Erskine  Y  Y  Y  Y  Y  Y  Y 7
King  Y  Y  Y  Y  Y  Y  Y  Y  Y  Y  Y 11
Lees–McRae  Y  Y  Y  Y  Y  Y  Y  Y  Y 9
Mount Olive  Y  Y  Y  Y  Y  Y  Y  Y  Y  Y  Y 11
North Greenville  Y  Y  Y  Y  Y  Y  Y  Y  Y  Y 10
Southern Wesleyan  Y  Y  Y  Y  Y  Y  Y  Y 8
Totals 9 10 10 9 7 10 5 10 8 8 8 4 99
Affiliate members
Coker  Y 1
Limestone  Y 1
Newberry  Y 1
Queens  Y 1
Future members
Francis Marion  Y  Y  Y  Y  Y  Y 7
UNC Pembroke  Y  Y  Y  Y  Y  Y 6
  1. ^ De facto Division I sport. The NCAA operates a combined Division I/II championship in men's volleyball, and scholarship limits in that sport are the same for members of both divisions.

Women's sponsored sports by schoolEdit

School Basketball Cross
Country
Golf Lacrosse Soccer Softball Swimming
& Diving
Tennis Track
& Field
Indoor
Track
& Field
Outdoor
Volleyball Total
CC
Sports
Barton  Y  Y  Y  Y  Y  Y  Y  Y  Y  Y  Y 11
Belmont Abbey  Y  Y  Y  Y  Y  Y  Y  Y  Y  Y 10
Chowan  Y  Y  Y  Y  Y  Y  Y  Y  Y 9
Converse  Y  Y  Y  Y  Y  Y  Y  Y  Y  Y  Y 11
Emmanuel  Y  Y  Y  Y  Y  Y  Y  Y  Y  Y  Y 11
Erskine  Y  Y  Y  Y  Y  Y  Y  Y 8
King  Y  Y  Y  Y  Y  Y  Y  Y  Y  Y 10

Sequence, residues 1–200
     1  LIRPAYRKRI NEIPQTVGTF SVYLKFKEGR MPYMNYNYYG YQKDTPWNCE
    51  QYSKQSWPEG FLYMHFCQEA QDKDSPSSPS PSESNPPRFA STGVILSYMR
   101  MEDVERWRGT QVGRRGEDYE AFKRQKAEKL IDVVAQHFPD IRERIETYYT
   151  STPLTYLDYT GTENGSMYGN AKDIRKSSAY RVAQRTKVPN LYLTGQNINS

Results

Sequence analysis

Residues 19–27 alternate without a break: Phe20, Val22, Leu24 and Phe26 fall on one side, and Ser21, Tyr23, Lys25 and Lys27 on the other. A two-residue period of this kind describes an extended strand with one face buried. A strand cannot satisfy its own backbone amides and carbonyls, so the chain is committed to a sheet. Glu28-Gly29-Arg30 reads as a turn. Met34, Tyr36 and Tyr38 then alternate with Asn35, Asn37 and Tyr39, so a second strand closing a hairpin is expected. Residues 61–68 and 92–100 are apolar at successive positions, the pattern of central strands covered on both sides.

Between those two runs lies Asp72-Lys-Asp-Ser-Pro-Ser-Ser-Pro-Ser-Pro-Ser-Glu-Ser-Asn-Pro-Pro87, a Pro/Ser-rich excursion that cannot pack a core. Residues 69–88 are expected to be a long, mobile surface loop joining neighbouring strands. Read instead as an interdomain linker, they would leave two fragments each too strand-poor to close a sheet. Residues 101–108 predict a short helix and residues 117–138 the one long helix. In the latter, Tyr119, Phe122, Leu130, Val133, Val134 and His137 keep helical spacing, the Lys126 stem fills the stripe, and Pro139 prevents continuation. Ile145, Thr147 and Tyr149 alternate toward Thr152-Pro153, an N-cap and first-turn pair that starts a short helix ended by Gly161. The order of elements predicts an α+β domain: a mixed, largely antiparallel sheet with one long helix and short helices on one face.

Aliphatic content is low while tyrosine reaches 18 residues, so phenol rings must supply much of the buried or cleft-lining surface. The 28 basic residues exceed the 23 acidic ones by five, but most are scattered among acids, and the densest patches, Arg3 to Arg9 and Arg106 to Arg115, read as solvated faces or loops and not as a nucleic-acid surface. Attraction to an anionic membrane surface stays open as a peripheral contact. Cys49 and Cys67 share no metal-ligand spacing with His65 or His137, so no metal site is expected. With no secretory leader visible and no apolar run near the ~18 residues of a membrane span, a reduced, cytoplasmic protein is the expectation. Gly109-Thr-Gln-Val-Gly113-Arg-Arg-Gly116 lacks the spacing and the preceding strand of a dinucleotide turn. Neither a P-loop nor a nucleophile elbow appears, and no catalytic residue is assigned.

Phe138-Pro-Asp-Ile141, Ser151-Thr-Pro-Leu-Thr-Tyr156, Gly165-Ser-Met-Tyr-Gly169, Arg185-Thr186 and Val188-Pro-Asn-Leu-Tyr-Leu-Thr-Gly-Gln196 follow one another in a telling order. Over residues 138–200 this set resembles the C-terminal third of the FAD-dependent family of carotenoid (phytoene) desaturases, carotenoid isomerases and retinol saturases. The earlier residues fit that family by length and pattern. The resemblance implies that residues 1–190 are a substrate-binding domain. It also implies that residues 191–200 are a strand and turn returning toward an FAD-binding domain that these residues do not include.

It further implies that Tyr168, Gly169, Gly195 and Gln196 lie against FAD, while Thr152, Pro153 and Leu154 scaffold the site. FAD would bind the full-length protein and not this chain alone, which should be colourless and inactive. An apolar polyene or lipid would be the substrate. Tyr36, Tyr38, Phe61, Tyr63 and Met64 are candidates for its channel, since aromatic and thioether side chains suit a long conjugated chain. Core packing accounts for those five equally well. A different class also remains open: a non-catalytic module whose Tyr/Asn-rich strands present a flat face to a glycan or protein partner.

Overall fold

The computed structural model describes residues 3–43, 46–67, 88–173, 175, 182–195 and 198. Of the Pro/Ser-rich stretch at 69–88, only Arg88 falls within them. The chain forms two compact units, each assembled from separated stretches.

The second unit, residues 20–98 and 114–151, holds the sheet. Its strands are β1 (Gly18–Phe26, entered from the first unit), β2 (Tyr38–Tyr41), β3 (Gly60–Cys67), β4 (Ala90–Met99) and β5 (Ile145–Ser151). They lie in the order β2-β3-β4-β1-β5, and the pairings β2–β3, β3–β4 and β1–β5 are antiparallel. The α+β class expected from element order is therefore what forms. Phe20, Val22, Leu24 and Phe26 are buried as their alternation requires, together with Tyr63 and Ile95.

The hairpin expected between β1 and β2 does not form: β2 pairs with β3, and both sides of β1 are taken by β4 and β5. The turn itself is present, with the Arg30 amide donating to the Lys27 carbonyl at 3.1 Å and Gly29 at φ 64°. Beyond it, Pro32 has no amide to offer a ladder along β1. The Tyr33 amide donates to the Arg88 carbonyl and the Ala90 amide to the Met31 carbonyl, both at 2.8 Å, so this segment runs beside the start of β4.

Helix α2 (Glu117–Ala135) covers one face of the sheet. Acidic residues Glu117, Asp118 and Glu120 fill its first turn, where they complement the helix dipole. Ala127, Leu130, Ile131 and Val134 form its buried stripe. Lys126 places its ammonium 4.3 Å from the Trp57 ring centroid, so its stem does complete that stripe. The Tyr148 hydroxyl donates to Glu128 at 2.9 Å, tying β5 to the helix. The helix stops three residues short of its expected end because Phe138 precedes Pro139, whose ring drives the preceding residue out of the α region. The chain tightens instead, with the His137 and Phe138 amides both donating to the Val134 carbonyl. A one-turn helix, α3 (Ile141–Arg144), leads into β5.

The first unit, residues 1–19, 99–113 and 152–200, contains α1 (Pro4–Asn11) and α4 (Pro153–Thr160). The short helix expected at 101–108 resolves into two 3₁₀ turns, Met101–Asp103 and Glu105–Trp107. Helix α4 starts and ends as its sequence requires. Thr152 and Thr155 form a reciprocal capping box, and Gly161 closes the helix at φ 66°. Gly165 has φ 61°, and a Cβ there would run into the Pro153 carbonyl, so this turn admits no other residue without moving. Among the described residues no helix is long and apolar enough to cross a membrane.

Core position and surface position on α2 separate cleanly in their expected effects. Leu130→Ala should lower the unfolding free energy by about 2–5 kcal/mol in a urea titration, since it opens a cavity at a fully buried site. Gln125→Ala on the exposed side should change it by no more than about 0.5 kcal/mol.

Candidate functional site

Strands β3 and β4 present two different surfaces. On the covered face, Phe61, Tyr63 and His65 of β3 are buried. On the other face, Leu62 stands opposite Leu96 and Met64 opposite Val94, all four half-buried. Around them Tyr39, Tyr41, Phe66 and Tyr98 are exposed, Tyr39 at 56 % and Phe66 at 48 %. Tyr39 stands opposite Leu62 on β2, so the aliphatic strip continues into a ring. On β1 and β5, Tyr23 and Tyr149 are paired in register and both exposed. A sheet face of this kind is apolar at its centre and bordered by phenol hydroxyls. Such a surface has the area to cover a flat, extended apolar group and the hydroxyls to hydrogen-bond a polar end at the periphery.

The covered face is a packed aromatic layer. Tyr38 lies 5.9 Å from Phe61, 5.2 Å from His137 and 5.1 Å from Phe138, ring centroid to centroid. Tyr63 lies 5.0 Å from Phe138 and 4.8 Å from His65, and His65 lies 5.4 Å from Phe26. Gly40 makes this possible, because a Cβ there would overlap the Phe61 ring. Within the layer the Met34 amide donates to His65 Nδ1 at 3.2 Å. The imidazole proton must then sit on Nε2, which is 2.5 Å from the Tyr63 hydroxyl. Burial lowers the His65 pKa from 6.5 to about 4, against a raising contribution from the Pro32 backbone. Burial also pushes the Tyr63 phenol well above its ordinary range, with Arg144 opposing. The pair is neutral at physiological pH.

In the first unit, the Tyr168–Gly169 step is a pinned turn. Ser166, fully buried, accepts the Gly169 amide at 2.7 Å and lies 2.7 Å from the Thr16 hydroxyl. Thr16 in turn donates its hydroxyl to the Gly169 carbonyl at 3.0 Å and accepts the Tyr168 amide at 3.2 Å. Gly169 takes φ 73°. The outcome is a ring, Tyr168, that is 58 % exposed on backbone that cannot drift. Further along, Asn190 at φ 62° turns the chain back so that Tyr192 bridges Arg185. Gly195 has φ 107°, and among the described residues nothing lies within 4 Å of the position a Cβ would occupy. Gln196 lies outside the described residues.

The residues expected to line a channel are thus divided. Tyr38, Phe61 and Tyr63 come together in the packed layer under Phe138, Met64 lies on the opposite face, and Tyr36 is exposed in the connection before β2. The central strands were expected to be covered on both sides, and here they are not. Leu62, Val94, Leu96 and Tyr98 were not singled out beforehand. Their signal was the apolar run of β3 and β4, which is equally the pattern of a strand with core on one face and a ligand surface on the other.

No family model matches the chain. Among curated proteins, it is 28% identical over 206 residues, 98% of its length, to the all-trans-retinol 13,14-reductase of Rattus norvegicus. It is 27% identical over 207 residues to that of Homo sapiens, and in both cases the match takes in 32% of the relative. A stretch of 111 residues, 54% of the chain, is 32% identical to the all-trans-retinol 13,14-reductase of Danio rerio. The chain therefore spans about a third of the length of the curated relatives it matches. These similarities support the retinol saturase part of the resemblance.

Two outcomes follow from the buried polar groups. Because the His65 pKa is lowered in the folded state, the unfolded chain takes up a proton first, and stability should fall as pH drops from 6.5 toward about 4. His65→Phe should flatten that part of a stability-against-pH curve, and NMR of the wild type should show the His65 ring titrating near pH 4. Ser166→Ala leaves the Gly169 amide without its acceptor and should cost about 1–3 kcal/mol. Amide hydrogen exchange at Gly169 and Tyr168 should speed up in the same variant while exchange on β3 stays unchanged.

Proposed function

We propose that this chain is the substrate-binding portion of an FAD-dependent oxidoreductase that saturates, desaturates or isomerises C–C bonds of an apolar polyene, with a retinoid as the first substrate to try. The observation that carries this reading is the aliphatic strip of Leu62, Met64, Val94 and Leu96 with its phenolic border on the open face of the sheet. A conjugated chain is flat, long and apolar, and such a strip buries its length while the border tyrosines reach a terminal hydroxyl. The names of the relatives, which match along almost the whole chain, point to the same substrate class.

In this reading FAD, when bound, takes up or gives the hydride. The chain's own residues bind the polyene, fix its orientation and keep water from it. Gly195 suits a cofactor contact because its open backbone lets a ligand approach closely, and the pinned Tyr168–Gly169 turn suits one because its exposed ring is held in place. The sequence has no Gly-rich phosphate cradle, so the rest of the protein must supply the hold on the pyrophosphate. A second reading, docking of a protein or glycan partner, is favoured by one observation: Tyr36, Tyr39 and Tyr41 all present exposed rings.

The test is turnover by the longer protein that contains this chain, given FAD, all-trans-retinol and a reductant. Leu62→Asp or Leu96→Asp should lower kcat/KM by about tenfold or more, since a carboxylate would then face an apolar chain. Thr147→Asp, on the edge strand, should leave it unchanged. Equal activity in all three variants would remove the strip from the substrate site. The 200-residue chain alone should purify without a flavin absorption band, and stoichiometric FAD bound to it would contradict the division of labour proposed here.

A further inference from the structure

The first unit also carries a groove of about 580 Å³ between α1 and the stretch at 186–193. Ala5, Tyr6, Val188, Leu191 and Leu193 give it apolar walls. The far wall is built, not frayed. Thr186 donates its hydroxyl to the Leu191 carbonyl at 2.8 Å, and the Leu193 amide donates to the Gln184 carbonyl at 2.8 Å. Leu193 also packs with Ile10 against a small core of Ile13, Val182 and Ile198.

Lees–McRae  Y  Y  Y  Y  Y  Y  Y  Y  Y  Y 10
Mount Olive  Y  Y  Y  Y  Y  Y  Y  Y  Y  Y 10
North Greenville  Y  Y  Y  Y  Y  Y  Y  Y  Y  Y 10
Southern Wesleyan  Y  Y  Y  Y  Y  Y  Y  Y  Y  Y 10
Totals 11 11 10 10 11 11 6 11 9 9 11 110
Future members
Francis Marion  Y  Y  Y  Y  Y  Y  Y  Y 8
UNC Pembroke  Y  Y  Y  Y  Y  Y  Y  Y  Y 9

Other sponsored sports by schoolEdit

Future members Francis Marion and UNC Pembroke in gray.

School Men Women
Football Golf Bowling [a] Field
Hockey
Belmont Abbey IND SAC
Chowan CIAA CIAA
Converse SAC
Francis Marion [b]
North Greenville GSC
UNC Pembroke MEC
  1. ^ De facto Division I sport. The NCAA operates a single bowling championship open to members of all three divisions, and schools in Divisions I and II operate under the same scholarship limits in that sport.
  2. ^ Francis Marion men's golf currently plays as a Division I independent.

See alsoEdit

ReferencesEdit

  1. ^ Lopes, Vinnie (April 4, 2014). "The Little Conference That Could". Volleyball Magazine. Archived from the original on September 3, 2014. Retrieved August 28, 2014.

External linksEdit